Final Year modules place greater emphasis on the use of primary sources than modules in the First and Second Years. This is the first of two seminars in which we examine the primary sources for early modern crime and punishment. This week we will look at court records, pardon tales, pamphlets, press reports, chronicles, and journals.
How are early modern crimes and punishments represented in court records, pardon tales, press reports, chronicles, and journals?
What do court records, parson tales, press reports, chronicles, and journals reveal about contemporary perceptions of early modern crime and punishment?
What are the advantages and disadvantages of these sources for the historian of crime and punishment in early modern Europe?
Each student should read:
EITHER Thomas V. Cohen and Elizabeth S. Cohen, eds and trans., Words and Deeds in Renaissance Rome: Trials Before the Papal Magistrates (Toronto, 1993), Introduction and two of the cases.
OR Ken MacMillan, Stories of True Crime in Tudor and Stuart England (London, 2015), Introduction and three of the cases.
OR Franz Schmidt, A Hangman's Diary: The Journal of Master Franz Schmidt, Public Executioner of Nuremberg, 1573-1617, ed. Albrecht Keller, trans. C. Calvert and A.W. Gruner (New York, 2015), Introduction and The Diary.
AND two of the following items. NB You should look at more than one country.
Clark, Sandra, Women and Crime in the Street Literature of Early Modern England (Houndmills, 2003). [Read one chapter].
Cockburn, J. S., 'Early Modern Assize Records as Historical Evidence', Journal of the Society of Archivists 5/4 (1975), 215-231.
Dean, Trevor, Crime and Justice in Late Medieval Italy (Cambridge, 2007), Chapter One 'Trial Records' or Chapter Two 'Chronicles'.
French, Henry, 'Legal and Judicial Sources' in Laura Sangha and Jonathan Willis, eds, Understanding Early Modern Primary Sources (Abingdon, 2016), pp. 35-57.
Gaskill, Malcolm, Crime and Mentalities in Early Modern England (Cambridge, 2000), Chapter Six.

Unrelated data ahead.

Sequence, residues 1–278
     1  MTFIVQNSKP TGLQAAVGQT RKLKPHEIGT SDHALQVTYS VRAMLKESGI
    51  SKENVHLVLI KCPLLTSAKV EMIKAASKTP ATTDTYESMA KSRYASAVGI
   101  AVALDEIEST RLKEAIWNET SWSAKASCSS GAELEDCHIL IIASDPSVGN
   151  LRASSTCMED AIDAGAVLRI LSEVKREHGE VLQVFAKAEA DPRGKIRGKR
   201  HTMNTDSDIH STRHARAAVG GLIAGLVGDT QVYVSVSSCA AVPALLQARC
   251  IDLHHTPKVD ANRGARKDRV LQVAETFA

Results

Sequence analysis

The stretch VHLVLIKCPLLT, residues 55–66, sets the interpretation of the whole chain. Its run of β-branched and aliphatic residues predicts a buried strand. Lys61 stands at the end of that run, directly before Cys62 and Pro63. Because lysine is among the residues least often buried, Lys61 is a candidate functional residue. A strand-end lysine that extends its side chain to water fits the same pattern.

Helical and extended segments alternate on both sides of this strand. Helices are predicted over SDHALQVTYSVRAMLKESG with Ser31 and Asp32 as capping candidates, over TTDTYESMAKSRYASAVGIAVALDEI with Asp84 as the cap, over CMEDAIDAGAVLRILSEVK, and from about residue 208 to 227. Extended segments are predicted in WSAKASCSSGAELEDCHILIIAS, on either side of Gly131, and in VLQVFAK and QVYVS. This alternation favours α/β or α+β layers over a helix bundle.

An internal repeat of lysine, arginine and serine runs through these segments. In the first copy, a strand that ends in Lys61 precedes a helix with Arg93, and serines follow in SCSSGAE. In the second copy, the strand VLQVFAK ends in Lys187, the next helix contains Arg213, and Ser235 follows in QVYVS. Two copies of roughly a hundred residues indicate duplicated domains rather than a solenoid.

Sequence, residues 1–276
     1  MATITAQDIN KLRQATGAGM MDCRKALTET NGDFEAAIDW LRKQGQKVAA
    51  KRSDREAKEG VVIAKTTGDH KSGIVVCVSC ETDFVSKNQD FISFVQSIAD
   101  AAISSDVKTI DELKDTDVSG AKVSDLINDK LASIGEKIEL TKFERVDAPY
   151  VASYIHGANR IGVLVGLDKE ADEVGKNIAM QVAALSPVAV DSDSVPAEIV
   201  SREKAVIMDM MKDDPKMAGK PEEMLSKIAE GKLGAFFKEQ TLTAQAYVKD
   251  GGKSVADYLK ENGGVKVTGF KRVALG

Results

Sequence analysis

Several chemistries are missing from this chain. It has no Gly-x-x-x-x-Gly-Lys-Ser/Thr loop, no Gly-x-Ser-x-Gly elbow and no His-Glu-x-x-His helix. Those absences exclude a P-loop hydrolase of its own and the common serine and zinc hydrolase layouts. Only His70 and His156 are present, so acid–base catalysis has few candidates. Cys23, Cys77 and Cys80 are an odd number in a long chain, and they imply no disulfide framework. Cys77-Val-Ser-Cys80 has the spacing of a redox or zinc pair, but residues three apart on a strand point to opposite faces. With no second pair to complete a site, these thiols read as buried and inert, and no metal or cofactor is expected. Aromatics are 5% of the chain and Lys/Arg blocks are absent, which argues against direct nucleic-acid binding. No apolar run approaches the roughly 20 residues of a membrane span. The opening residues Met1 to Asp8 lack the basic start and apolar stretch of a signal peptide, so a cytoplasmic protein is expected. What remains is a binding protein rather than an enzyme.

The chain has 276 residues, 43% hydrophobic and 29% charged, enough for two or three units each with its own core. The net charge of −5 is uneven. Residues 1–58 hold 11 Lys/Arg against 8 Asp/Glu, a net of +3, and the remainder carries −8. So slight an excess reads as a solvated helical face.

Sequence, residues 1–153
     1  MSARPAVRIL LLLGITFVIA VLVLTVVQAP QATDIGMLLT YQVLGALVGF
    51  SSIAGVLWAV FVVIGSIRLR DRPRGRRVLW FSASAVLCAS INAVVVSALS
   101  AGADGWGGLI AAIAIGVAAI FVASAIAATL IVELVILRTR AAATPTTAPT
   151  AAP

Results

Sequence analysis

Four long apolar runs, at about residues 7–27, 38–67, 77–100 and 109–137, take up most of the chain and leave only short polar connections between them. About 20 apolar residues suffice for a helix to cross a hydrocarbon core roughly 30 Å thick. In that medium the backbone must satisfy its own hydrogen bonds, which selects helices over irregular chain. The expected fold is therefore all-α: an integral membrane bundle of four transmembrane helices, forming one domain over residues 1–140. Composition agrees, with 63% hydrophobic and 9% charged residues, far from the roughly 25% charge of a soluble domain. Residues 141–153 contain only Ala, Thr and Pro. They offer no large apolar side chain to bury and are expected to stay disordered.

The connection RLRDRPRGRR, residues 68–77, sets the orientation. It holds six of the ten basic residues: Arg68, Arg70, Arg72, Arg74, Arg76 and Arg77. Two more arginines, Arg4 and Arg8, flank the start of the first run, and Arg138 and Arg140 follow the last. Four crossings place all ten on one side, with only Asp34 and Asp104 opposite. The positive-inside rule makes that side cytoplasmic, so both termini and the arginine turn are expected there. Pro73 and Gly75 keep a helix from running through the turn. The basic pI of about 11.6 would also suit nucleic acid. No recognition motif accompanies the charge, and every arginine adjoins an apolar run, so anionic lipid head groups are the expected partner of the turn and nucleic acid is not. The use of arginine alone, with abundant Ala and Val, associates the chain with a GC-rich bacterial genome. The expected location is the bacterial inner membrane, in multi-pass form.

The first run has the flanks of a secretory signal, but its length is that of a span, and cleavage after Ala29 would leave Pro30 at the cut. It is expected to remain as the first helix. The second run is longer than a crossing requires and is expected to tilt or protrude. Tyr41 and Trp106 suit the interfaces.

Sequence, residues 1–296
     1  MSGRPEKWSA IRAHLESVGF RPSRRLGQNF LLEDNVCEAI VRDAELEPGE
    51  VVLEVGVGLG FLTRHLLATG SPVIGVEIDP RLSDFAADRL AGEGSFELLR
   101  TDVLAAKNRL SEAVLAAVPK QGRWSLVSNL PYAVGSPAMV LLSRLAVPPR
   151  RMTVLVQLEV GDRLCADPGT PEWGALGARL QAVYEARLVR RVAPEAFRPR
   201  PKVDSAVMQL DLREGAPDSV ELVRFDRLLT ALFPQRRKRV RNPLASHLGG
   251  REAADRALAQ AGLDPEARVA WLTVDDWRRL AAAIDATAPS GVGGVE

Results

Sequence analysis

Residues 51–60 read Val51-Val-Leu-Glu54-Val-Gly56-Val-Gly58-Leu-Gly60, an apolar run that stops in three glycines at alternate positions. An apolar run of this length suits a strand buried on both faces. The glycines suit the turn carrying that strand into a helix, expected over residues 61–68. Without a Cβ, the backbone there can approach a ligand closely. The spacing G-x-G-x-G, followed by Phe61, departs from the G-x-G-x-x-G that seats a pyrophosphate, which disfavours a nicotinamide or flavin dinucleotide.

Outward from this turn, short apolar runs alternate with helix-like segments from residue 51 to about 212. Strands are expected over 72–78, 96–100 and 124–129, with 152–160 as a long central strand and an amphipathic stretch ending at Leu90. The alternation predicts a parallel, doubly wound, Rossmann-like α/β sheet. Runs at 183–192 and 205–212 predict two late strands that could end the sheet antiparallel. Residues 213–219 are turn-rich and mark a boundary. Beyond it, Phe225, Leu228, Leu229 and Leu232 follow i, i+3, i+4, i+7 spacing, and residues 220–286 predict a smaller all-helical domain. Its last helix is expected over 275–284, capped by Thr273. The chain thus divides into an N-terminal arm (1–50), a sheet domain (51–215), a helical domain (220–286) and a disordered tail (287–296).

Gladfelder, Hal, Criminality and Narrative in Eighteenth-century England (Baltimore, 2001). [Read one chapter. Chapters Three, Four, and Five are particularly useful].
Gladfelder, Hal, 'Theatre of Blood: On the Criminal Trial as Tale of Terror', in David Lemmings and Allyson N. May, eds, Criminal Justice During the Long Eighteenth Century: Theatre, Representation and Emotion (Abingdon, 2018), pp. 153-76.
Kollmann, Nancy Shields, Crime and Punishment in Early Modern Russia (Cambridge, 2015), Introduction.
Lemmings, David, 'Negotiating Justice in the New Public Sphere: Crime, the Courts and the Press in Early Eighteenth-century Britain' in David Lemmings, ed., Crime, Courtrooms, and the Public Sphere in Britain, 1700-1850 (Farnham, 2012), pp. 119-146.
Martin, Randall, Women, Murder, and Equity in Early Modern England (Abingdon, 2008). [Read one chapter].
Snell, Esther, 'Trials in Print: Narratives of Rape Trials in the Proceedings of the Old Bailey' in David Lemmings, ed., Crime, Courtrooms, and the Public Sphere in Britain, 1700-1850 (Farnham, 2012), pp. 23-42.
Tarlow, Sarah, and Emma Battell Lowman, Harnessing the Power of the Criminal Corpse (New York, 2018), Chapter Eight.
Wiltenburg, Joy, Crime and Culture in Early Modern Germany (Charlottesville, VA, 2012) [The whole book discusses this topic but you might begin with the Introduction for an overview]
Dalton, Michael, The Countrey Justice (London, 1618) [This manual was used by English justices of the peace. It offers advice on a wide range of issues including levying customs, highways, prisons, riots, soldiers, murder, felonies, rogues, vagabonds, and high treason]
Davis, Natalie Zemon, Fiction in the Archives: Pardon Tales and their Tellers in Sixteenth-century France (Oxford, 1987)
Gray, Drew D., Crime, Policing and Punishment in England, 1660-1914 (London, 2016), Chapter Two.
Harrington, Joel F., The Executioner's Journal: Meister Frantz Schmidt of the Imperial City of Nuremberg (Charlottesville, VA, 2016)
Kinney, Arthur F., ed. Rogues, Vagabonds, and Sturdy Beggars: A New Gallery of Tudor and Early Stuart Rogue Literature Exposing the Lives, Times, and Cozening Tricks of the Elizabethan Underworld (1973; rept. Amherst, 1990)
Langbein, John H., Prosecuting Crime in the Renaissance : England, Germany, France (Cambridge, MA, 1974) [NB This includes the texts of key English, French, and Imperial statutes, and commentaries on these]
Courts of Law Records Held in Other Archives [For UK records not in the National Archives]
London Lives 1690 to 1800: Crime, Poverty and Social Policy in the Metropolis [A fully searchable edition of 240,000 manuscripts from eight archives and fifteen datasets, giving access to 3.35 million names.]
The Old Bailey Online [A fully searchable edition of the largest body of texts detailing the lives of non-elite people ever published, containing 197,745 criminal trials held at London's central criminal court. For BBC podcasts which use these records click here]
English Petitions, British History Online